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|Complexity Choir - Page 4|
A Healthy Mind: Complexity and Self-Organization
Diving again into the scientific literature, I finally came across an unlikely discipline that could be relevant to our exploration of the mind: a branch of mathematics that focuses on complex systems. Here was a plausible scientific foundation for the benefits of integration—a reason integration is a good thing in our lives.
In brief, complexity theory examines systems that are capable of becoming chaotic and are open to receiving input from outside themselves. Thinking in systems terms requires that we focus on the relationships among the elements that interact to compose the "system." One classic example of a complex system is a cloud—a collection of water molecules capable of random distribution (it can be chaotic), and which receives light and energy such as wind and heat from outside itself (it is open). Complexity theory explores the natural movements of this open and chaos-susceptible system across time—explaining, for example, why clouds emerge, change shape, and dissipate. It seemed to me that human lives also meet these criteria—we are open systems capable of chaotic behavior—so I read on.
A complex system is said to regulate its own emergence. This means that the system itself has certain properties that determine how it unfolds over time. This self-organizational process, the way the system shapes its own unfolding, is built from the mathematics of complex systems. There is no programmer, no program, no outside force governing how the system will flow across time. Self-organization emerges from the interactions among the basic elements that comprise the system. Again, if self-organization applies to clouds, it likely applies to other open systems capable of chaos. We are certainly capable—sometimes too much so—of becoming chaotic. And we are quite open to influences outside of ourselves—from people we meet, experiences we have in the world, books we read. If these ideas were relevant and true, then perhaps this was an argument for the idea that we too are capable of self-organization. It seemed to me that our triangle of well-being, the system of mind, brain, and relationships, might be more fully understood in these terms, and we might apply the principles of complexity and integration to creating health across each of these three aspects of our lives.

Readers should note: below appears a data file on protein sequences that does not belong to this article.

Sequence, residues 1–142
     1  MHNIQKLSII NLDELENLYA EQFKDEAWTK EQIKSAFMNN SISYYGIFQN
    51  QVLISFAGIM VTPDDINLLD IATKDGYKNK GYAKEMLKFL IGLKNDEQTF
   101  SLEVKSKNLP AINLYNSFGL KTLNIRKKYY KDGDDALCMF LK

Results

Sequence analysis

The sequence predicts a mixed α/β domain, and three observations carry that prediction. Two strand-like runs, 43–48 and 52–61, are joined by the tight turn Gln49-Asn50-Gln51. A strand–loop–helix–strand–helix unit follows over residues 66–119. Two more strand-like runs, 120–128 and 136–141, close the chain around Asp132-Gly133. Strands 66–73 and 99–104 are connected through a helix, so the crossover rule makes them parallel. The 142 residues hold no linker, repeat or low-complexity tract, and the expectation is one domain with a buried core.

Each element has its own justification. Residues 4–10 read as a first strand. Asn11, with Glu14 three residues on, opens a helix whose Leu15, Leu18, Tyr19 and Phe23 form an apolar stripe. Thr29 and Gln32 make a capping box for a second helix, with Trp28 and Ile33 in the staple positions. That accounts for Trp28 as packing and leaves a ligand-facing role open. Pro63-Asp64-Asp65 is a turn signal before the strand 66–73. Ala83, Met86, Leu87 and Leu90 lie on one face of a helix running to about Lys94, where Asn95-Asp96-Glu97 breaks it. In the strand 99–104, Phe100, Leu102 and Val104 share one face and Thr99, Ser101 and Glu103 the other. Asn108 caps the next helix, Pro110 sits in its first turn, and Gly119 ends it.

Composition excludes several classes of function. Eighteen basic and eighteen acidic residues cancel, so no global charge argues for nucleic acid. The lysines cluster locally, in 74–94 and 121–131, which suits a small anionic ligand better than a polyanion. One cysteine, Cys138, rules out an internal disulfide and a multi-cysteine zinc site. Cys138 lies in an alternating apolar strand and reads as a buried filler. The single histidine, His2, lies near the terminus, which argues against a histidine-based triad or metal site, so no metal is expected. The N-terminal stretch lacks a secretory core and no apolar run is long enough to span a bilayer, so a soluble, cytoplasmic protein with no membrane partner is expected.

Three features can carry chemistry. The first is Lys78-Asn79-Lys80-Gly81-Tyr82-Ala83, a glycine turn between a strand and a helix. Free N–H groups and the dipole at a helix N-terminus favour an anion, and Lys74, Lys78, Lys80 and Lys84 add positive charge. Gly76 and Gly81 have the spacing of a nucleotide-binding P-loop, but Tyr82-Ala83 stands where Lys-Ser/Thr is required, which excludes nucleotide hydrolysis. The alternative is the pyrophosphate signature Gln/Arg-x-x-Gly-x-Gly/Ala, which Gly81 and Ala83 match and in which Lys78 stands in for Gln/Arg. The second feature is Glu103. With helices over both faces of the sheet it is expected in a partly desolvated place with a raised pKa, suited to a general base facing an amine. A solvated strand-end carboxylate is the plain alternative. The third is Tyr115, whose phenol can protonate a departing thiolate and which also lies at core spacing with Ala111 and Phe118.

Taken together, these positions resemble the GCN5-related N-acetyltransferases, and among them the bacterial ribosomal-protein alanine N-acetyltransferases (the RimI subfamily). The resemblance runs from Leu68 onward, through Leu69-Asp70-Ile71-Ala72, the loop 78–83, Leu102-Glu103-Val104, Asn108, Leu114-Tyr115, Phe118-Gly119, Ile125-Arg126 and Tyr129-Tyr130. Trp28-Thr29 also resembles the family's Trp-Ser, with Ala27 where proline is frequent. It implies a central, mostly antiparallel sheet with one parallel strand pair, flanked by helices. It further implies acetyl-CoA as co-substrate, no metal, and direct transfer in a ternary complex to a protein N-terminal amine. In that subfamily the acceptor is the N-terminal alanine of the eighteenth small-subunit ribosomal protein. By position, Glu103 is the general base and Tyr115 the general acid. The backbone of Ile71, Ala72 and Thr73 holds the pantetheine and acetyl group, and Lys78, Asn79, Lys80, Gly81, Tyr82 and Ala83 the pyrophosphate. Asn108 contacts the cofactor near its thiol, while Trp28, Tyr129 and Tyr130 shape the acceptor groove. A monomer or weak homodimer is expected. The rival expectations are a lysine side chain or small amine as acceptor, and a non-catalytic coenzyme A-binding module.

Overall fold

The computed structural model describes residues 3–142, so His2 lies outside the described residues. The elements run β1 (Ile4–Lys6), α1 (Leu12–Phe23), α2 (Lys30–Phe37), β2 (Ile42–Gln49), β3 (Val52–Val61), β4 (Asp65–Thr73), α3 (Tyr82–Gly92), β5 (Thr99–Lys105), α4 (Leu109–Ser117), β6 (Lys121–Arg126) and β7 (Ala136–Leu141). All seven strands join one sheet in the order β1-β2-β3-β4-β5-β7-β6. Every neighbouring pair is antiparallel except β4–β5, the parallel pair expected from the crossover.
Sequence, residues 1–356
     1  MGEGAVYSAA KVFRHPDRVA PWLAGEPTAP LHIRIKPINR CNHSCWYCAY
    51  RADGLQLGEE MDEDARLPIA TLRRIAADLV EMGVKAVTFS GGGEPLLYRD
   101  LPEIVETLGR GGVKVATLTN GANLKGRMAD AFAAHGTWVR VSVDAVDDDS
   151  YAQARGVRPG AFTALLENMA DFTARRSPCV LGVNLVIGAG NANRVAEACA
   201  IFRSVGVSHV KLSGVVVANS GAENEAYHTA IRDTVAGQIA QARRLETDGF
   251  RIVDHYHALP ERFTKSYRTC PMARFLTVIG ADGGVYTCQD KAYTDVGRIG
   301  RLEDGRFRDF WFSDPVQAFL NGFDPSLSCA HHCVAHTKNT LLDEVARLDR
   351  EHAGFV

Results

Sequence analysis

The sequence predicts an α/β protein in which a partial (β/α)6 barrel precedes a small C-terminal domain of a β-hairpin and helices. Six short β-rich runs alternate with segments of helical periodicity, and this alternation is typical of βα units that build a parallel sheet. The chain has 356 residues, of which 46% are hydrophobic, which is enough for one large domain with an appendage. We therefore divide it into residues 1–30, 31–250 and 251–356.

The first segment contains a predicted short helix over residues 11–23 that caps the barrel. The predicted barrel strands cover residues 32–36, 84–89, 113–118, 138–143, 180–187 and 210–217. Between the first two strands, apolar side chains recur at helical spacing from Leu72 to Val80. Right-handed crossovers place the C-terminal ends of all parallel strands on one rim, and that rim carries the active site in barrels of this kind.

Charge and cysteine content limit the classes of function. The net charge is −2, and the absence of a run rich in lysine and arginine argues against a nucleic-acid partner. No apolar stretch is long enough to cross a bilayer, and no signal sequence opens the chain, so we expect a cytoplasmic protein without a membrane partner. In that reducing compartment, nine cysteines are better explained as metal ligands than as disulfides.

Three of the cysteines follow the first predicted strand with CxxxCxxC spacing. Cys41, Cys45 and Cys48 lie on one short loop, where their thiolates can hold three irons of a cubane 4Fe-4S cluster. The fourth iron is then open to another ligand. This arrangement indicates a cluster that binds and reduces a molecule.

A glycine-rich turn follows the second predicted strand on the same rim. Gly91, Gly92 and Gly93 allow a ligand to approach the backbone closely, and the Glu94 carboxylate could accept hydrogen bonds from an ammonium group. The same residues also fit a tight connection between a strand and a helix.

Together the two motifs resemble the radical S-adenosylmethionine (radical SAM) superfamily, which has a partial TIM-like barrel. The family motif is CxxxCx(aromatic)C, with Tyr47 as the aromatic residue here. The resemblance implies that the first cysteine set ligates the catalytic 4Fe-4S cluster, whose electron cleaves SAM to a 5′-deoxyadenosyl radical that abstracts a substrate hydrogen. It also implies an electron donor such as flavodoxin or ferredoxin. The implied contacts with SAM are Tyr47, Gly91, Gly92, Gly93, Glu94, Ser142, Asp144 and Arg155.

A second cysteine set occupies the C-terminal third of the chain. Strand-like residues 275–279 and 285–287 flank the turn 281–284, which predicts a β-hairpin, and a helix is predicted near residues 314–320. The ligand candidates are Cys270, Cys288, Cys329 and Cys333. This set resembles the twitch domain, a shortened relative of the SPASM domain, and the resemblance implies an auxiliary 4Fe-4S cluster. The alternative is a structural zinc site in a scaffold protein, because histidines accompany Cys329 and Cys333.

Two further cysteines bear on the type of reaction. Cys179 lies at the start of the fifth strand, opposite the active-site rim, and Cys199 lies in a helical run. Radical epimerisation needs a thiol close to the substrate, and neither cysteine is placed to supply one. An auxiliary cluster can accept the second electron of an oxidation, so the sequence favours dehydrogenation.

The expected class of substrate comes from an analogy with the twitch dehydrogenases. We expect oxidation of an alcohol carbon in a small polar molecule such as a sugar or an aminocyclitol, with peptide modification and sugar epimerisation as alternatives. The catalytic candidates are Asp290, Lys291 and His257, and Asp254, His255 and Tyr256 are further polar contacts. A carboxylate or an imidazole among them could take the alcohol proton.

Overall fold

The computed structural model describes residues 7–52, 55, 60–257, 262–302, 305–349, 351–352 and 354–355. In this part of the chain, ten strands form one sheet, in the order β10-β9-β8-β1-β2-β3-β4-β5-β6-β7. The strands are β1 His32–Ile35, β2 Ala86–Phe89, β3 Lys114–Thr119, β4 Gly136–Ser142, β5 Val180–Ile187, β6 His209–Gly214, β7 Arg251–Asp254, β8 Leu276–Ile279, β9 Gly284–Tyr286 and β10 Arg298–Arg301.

The River of Integration
A system that moves toward complexity is the most stable and adaptive. Reading this for the first time in the literature on the mathematics of complex systems, I thought, What a clear definition of well-being! I jumped up and pulled off my shelf the 886-page psychiatrists' bible, the Diagnostic and Statistical Manual of Mental Disorders. I decided to open it at random to any page. There it was: Wherever I put my finger, on whatever symptom of whatever dysfunction, there was an example of chaos, rigidity, or both. Could it be that mental health was indeed a function of integration? When our minds move away from integration, away from harmony, are we then prone to live in chaos and/or rigidity?
I began to try out this hypothesis on my colleagues and students, and even though some of them found it rather new and strange, it seemed to fit their experience as clinicians. Then I started to apply it to my own work with patients, exploring ways to promote integration as a framework for helping them move from illness to wellness. Just like that, fresh approaches to treatment began to emerge, some of them startlingly effective. This notion of the central role of integration was and remains an amazing organizing perspective that has enabled me and now my colleagues to promote well-being in powerful new ways.
I am an acronym lover, always looking for ways to make clusters of related items stick in my mind—and to make them easier to teach. One day in a seminar, I asked my students for suggestions about how we could remember the flow of an integrated system. "Oh Dan, that's easy," a young woman replied. "Just remember Saks Fifth Avenue: Stable, Flexible, and Adaptive." I thought for a moment and then pointed to my clothes. There was the evidence that this mnemonic probably would not work for me.
I also wanted to capture the sense of vitality and energy that emerges from the complexity choir at its harmonious best. Later that day, an acronym came to me: safe, as in Stable, Adaptive, Flexible, and Energized. And then a few weeks later, after reading more into the mathematics of something called "coherence," I realized that coherence was a fifth essential characteristic of integration, which fit beautifully with my own area of research, which had found that "coherent narratives"—the way we make sense of our lives and free ourselves from the prisons of the past—are an important predictor of relational health.